A large symmetrical two-family home design
Affording an opportunity for economy of construction without loss of architectural beauty (Number 151)
A concrete Craftman house, planned for simplified housekeeping
“Dumblane,” the Washington home of Mr. & Mrs. S Hazen Bond
Craftsman shingled house (1912)
Home with hooded casement windows, pergola over the entrance, and a long sheltered sleeping balcony. (Plan No 155)
Exterior of a shingled Craftsman house (1912)
The wide eaves, long dormer, small-paned casement windows, and fieldstone pillars, chimney and wall — while all practical parts of the construction, give the house a very homelike, picturesque air.
Eight-room Craftsman house
For commodious suburban living; two and half stores of concrete and single. (Architect: Gustav Stickley)
Cement and stone Craftsman house
Eight rooms, two porches and loggia. (Architect: Gustav Stickley)
raftsman brick house (1912)
With eleven living rooms, conservatory, porches, storage rooms and two bathrooms (No. 153)
An authentic Craftsman shingled cottage design (1914)
An economical and comfortable seven-room dwelling intended for a narrow lot, and planned for a family with one maid. In addition to two downstairs porches, there is an upstairs sleeping porch at the rear.
Original Craftsman six-room shingled cottage (1914)
The roof lines, casement windows, recessed porches and tiny balcony give this building a home-like air. (Design 188)
Original Craftsman house, designed by Gustav Stickley
Craftsman house no. 189, of stucco on hollow tile with shingled roof, designed for a woodland site in Palos Park, Illinois, from sketches sent us by the owner.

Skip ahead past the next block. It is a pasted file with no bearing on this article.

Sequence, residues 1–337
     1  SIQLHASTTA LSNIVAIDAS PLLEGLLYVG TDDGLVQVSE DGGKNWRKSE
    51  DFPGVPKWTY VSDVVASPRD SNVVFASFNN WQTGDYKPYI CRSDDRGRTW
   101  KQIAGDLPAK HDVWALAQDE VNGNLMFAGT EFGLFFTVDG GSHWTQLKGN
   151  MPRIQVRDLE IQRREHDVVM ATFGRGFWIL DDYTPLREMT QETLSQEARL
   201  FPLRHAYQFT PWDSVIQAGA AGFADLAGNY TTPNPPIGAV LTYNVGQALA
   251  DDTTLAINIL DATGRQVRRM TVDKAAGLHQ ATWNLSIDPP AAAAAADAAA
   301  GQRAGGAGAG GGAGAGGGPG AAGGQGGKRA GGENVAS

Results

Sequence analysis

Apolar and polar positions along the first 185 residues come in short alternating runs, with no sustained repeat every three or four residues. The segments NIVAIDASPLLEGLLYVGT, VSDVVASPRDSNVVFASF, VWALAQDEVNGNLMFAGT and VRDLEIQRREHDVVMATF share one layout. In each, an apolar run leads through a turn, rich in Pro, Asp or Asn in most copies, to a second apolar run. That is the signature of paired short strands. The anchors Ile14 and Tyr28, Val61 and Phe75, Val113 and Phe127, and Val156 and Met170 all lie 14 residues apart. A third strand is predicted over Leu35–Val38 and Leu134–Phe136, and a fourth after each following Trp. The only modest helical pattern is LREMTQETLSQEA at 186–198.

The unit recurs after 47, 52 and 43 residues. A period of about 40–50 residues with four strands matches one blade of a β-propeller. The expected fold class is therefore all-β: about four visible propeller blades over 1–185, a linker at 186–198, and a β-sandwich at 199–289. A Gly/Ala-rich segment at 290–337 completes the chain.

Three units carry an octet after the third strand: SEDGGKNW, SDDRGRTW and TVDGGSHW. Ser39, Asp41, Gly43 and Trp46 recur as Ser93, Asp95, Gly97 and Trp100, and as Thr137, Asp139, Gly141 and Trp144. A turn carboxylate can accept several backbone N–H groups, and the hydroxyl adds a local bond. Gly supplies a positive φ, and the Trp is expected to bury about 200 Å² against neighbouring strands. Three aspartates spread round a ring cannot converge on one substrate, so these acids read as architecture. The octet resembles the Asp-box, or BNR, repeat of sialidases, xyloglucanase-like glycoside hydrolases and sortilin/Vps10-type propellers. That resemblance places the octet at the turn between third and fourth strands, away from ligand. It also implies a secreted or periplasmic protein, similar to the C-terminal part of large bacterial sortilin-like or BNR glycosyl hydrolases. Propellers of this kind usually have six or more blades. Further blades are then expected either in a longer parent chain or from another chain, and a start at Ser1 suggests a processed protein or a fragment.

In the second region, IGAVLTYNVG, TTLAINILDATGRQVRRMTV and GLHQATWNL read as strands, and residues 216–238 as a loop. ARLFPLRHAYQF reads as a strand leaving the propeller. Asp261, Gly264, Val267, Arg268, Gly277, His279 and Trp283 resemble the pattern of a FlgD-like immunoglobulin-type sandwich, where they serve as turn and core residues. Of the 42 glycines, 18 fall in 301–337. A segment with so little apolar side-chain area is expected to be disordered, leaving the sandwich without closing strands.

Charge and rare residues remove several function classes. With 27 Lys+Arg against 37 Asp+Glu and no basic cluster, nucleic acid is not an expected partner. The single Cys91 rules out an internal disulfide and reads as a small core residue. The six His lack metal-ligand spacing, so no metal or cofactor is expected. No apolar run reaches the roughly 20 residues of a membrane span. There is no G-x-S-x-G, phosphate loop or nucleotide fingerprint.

Among the interesting features of the exterior are the hooded entrance porches, the upstairs sleeping porch on the right and the big outdoor living room with balcony above it, a glimpse of which is seen on the left.
Gustav Stickley, Architect
Craftsman house of brick with shingle roof, designed by Gustav Stickley (1914)
Original Craftsman fieldstone bungalow, front view (1914)
A spacious, comfortably planned and well-equipped home, especially suitable for country surroundings.
The most attractive and unusual feature is the central glass-covered court or garden around which the other rooms are planned, and which provides a delightful place for semi-sheltered living in summer; in winter it can be used as a sunroom. (Designed by Gustav Stickley – Design no. 195)
Original Stickley-designed bungalow, back view (1914)
A classic Craftsman two-story shingled cottage
MORE WOOD STYLE: How Dave Brubeck – Mr Jazz – lived in a tree house home
An interesting example of brick and cobblestone for a Craftsman-style house